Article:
SUNNINGDALE, England -- Brooks Koepka capped off a big week by qualifying for the British Open.
Koepka had rounds of 69 and 65 at Sunningdale to get one of nine spots Monday in the European edition of International Final Qualifying. The 23-year-old American was medalist just one day after winning his third European Challenge Tour event to earn an instant promotion to the European Tour.
These nine players earned berths in the 2013 British Open by virtue of their finish in the IFQ European qualifier at Sunningdale.
1. Brooks Koepka
2. Oliver Fisher
3. Gregory Bourdy
3. Richard McEvoy
3. Gareth Maybin
3. Alvaro Quiros
7. Niclas Fasth
7. Scott Jamieson
9. Estanislao Goya
The next seven spots went to Oliver Fisher, Gregory Bourdy, Richard McEvoy, Alvaro Quiros, Gareth Mabyin, Niclas Fasth and Scott Jamieson. Estanislao Goya of Argentina earned the last spot in a playoff against three others, making par on the second extra hole. Goya also made it into the U.S. Open through a European qualifier.
Koepka, 23, played at Florida State and turned pro last summer. He carded rounds of 69 and 65 over the Old and New courses respectively to finish 5 under par, one shot clear of Fisher, who returned scores of 70 and 65.
France's Bourdy, England's McEvoy, Spain's Quiros and Northern Ireland's Maybin finished on 3 under, with Sweden's Fasth and Scotland's Jamieson also qualifying on 2 under.
That left Goya, Ross Fisher, David Drysdale and Alejandro Canizares – who all finished 1 under – in the playoff, with Goya coming out on top at the second extra hole.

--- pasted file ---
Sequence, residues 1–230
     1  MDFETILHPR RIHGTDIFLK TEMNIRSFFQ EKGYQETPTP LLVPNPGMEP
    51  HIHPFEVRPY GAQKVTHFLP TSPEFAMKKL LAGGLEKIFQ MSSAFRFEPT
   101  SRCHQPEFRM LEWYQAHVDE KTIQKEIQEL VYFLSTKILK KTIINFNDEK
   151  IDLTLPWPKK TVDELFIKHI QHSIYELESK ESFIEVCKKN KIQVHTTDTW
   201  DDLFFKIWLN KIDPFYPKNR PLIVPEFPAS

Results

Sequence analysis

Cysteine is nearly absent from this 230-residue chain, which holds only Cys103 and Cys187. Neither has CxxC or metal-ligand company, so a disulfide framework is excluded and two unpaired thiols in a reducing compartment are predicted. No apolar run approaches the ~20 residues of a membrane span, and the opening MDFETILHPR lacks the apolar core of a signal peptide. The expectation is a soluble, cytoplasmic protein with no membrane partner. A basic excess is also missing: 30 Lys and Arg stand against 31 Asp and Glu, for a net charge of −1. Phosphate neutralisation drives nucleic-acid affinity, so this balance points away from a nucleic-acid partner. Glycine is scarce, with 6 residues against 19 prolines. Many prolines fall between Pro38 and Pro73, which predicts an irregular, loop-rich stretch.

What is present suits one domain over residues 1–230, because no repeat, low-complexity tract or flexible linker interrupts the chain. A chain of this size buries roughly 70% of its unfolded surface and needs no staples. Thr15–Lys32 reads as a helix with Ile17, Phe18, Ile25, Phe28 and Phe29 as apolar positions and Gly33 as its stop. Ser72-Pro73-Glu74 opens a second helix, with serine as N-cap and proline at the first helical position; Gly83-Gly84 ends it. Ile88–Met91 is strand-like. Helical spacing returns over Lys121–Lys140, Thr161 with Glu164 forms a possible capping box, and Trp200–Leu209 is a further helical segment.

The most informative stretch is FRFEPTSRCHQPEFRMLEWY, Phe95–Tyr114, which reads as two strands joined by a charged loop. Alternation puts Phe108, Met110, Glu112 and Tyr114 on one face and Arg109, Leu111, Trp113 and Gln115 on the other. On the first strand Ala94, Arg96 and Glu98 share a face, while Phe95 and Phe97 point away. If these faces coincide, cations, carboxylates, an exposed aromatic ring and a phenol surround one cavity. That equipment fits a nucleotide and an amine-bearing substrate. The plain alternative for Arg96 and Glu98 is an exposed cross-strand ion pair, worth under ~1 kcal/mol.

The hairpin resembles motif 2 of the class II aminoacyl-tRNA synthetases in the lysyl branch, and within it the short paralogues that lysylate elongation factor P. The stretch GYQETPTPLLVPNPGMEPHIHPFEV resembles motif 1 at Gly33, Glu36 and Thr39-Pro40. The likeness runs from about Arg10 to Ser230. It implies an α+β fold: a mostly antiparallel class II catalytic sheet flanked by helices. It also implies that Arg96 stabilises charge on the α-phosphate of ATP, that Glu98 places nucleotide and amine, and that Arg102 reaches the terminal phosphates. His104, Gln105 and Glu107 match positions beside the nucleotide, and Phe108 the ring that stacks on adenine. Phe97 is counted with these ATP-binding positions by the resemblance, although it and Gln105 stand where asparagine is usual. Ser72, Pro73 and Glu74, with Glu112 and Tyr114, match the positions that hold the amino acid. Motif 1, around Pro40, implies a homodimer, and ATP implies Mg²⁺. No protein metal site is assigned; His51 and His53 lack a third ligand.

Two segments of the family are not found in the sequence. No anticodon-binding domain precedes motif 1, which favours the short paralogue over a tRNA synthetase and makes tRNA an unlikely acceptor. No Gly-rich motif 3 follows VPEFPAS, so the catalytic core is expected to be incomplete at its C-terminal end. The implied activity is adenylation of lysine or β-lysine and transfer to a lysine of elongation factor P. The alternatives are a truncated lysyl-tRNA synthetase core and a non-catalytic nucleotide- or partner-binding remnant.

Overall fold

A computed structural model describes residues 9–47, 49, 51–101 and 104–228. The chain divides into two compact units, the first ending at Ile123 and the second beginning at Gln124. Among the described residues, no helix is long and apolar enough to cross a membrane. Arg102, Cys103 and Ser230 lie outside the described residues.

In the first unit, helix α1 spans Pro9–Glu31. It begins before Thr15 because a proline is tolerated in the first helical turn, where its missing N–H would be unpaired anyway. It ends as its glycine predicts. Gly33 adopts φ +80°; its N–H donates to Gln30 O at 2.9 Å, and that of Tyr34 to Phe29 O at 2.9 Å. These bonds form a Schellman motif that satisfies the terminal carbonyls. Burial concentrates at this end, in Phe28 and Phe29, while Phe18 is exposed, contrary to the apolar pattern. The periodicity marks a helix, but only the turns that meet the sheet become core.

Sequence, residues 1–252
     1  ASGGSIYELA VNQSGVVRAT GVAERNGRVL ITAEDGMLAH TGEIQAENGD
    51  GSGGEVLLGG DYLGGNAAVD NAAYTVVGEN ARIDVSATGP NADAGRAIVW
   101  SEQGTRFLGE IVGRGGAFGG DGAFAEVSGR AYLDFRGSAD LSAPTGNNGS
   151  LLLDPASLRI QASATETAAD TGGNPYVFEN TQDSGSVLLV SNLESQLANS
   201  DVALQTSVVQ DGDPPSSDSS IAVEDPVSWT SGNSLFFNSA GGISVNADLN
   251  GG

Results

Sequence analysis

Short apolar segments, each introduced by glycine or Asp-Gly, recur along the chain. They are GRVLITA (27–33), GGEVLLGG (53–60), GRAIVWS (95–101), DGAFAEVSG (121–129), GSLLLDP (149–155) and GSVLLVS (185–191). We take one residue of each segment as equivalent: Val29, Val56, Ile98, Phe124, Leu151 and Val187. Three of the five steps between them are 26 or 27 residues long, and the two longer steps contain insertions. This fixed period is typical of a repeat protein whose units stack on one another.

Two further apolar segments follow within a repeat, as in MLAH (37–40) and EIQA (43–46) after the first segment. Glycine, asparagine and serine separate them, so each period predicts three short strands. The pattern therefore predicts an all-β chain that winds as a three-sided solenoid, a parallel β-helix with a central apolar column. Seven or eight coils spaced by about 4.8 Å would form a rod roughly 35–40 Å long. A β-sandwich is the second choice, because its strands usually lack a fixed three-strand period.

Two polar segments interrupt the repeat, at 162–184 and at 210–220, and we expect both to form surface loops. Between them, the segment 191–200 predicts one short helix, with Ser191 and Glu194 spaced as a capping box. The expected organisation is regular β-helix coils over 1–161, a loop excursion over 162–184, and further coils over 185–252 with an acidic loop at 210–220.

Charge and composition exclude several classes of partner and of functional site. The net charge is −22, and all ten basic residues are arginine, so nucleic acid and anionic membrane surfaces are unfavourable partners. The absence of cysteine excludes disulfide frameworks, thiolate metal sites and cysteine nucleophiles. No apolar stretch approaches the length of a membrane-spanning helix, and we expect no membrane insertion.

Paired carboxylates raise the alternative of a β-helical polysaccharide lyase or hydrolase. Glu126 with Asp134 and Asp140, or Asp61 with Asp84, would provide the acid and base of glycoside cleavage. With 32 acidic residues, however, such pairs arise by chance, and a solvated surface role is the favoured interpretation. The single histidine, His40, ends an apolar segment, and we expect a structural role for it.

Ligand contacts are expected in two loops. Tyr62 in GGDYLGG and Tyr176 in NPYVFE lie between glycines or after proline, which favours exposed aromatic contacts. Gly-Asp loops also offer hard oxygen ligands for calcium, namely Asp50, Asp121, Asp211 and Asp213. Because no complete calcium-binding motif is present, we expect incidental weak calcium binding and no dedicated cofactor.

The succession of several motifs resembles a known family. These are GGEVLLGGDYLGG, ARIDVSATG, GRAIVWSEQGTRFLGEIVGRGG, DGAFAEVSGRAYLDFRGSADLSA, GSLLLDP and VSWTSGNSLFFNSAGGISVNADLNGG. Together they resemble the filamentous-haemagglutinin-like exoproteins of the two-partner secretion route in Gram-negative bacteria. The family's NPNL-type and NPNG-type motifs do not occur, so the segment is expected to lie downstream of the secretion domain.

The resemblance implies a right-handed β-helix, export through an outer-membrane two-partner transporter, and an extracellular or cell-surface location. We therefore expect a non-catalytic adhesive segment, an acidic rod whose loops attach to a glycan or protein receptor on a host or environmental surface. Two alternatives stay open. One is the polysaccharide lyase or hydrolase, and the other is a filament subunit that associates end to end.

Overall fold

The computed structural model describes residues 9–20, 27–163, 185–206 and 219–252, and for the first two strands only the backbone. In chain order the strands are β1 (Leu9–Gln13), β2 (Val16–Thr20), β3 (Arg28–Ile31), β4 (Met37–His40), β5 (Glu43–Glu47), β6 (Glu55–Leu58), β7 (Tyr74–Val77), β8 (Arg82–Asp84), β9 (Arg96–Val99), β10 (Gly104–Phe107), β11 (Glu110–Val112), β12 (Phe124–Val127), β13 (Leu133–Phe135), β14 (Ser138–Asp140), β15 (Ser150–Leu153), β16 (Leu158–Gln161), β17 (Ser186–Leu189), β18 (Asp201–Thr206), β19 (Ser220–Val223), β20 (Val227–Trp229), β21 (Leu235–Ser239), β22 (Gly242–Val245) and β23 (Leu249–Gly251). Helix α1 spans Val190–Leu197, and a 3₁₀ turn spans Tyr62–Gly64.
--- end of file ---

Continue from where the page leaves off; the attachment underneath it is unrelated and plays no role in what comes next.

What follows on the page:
Fisher and Drysdale were eliminated after bogeys at the first playoff hole and a par on the next was enough for Goya to seal a trip to Muirfield after Canizares three-putted from just off the green.
Among those to miss out were England's Tom Lewis, France's Thomas Levet and Ryder Cup captains past and present Jose Maria Olazabal and Paul McGinley.
Lewis burst onto the scene with an opening 65 at Royal St. George's in 2011, the lowest score by an amateur in Open history giving him a share of the lead. The 22-year-old went on to finish 30th and win the silver medal as leading amateur before turning professional and winning the Portugal Masters in just his third event in the paid ranks.
A first round of 66 on the Old Course Monday morning gave him the clubhouse lead on 4 under par, but a second round of 75 saw him finish 2 over par.
Levet was part of a four-man, four-hole play-off with Ernie Els, Steve Elkington and Stuart Appleby the last time the Open was staged at Muirfield at 2002, eventually losing out to Els on the first hole of sudden death. But consecutive rounds of 70 saw him miss out on the playoff by two shots, while Olazabal and McGinley were both three shots further back.
After his win in the Scottish Hydro Challenge, Koepka managed just two hours' sleep before catching a 6:30 a.m. flight from Scotland to London. But he showed no ill effects as he qualified for his second major championship after playing in the 2012 U.S. Open as an amateur.
"I was in a lot of heather today and I kind of felt like I was in it all day," he said. "I didn't hit it that great but I just tried to relax and hang in there. I putted really well and made some key putts on the second 18.
"It's awesome to play in The Open, it's what you prepare your game to play in," he added. "Any major is special but the Open is up there. Everybody wants to win it."
Fisher was relishing the prospect of playing in his second Open after appearing at Turnberry in 2009.
"I haven't played at Muirfield before but I watched Ernie Els win in 2002 and Nick Faldo also won there," he said. "I can't wait to play there. I'm really pleased with my day's work."